Perhaps a millisecond elapsed between Friday’s first official news that City Manager TC Broadnax’s job is on the line and the start of what is now an ugly public war over whether or not to oust him.
It’s a lousy distraction from what the conversation needs to focus on.
Many systems are currently failing at City Hall – building permits and affordable housing, to name just two. People like me, who are paid to stay current on these issues, have felt for quite some time that none of these critical city services are improving – nor that enough urgency is being applied to try to improve them.
But what should be a substantive conversation keeps slipping away as everyone has run to their political corner of the glass house that is City Hall and started throwing rocks.
I worry that if future city managers dissect this spectacle, doing the right thing too quickly could actually harm Dallas.
It was clear that Broadnax was heading towards a settlement since the May 18 permitting briefing he was required to present to City Council.
After claiming that almost everyone who has ever had a complaint with the department concerned has been guilty of exaggerating the permitting issues, Broadnax admonished the council to simply trust it would get the job done.
That’s a promise City Councilman and Mayor Eric Johnson have heard too many times on many issues.
Broadnax’s shortcomings were slowly being talked about behind the scenes as the pandemic eased. After the May briefing, many council members decided it was time for a change.
That culminated in a meeting Wednesday night between Broadnax and City Council members Gay Donnell Willis, Tennell Atkins and Chad West. They told him a change was needed and gave him the option of quitting by noon on Friday or expecting a special meeting on Wednesday on his performance and retention.
They upped the ante by referencing a five-signature memo signed Wednesday by West and colleagues Adam Bazaldua, Paula Blackmon, Cara Mendelsohn and Jesse Moreno, telegraphing that swift action was needed for the city’s well-being.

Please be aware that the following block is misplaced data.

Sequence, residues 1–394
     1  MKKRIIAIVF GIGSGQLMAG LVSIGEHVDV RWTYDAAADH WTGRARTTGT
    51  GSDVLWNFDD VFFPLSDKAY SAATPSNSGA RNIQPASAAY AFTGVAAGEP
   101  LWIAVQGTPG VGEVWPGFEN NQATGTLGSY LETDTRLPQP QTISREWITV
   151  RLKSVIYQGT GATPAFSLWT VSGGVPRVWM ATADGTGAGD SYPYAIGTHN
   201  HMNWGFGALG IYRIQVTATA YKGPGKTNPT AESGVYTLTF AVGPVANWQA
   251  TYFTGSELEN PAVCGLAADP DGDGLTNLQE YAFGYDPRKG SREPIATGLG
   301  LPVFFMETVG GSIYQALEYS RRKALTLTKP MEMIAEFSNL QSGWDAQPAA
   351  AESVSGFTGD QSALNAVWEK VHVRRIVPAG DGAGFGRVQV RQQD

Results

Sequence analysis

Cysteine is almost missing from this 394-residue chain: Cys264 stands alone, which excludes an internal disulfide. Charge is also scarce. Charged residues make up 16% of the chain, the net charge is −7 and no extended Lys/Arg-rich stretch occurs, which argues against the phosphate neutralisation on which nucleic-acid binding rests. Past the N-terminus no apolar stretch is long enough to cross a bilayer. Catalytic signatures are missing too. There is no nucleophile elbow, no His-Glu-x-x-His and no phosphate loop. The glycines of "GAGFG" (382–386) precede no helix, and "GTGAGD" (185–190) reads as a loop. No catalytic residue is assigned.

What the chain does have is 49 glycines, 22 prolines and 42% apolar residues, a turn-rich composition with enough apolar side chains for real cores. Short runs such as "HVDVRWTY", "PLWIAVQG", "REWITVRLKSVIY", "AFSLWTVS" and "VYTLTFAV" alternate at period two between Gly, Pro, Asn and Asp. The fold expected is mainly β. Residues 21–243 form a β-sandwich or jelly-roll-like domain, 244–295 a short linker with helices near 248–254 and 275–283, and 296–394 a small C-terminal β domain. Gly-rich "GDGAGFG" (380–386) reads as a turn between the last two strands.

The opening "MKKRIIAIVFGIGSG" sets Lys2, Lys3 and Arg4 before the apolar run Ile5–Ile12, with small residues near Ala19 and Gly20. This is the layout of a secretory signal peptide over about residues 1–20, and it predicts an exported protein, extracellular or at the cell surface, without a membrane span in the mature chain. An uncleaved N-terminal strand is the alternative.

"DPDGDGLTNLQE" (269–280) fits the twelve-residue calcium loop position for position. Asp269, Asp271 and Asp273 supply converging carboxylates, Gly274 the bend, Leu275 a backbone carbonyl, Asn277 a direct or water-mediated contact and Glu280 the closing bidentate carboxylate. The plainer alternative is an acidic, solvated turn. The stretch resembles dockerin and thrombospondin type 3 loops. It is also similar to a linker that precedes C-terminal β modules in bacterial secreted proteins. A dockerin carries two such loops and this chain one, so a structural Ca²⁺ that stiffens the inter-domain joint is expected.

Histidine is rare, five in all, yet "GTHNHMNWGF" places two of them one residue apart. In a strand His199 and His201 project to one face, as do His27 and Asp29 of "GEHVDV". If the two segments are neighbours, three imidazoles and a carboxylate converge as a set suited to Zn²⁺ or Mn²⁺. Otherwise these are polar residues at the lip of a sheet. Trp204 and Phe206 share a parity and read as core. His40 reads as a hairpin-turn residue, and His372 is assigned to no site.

Broadnax did a quick math – seven votes for his downfall, not counting Johnson. It would take eight to boot.
He received another visit from two council members – Donnell Willis and Blackmon – on Thursday and was again encouraged to tender his resignation rather than face Wednesday’s proceedings.
So far, his arguments to extend his tenure beyond August 15 hadn’t blown away his critics. He had a choice to make, and Broadnax chose to fight. He let the deadline pass on Friday afternoon without taking any action.
After the news broke, Broadnax issued a statement welcoming a performance review to “demonstrate progress and ensure transparency” at the work he is proud of, in order to “make the lives of Dallas residents responsible, to improve in a fair, accountable and legitimate manner. ”
The raging politics had begun — and along the way, at least some of those solid eight votes got muddy.
Johnson and Mendelsohn used social media to get people on their side. Johnson’s weekly newsletter to voters, which landed in my mailbox at 6 p.m. Sunday, outlined his list of grievances and his intention to vote to sack Broadnax.
But even before Johnson’s first tweet, Broadnax supporters — who, not entirely coincidentally, support potential challengers in the next mayoral election — had privately emailed me a scathing criticism of Johnson.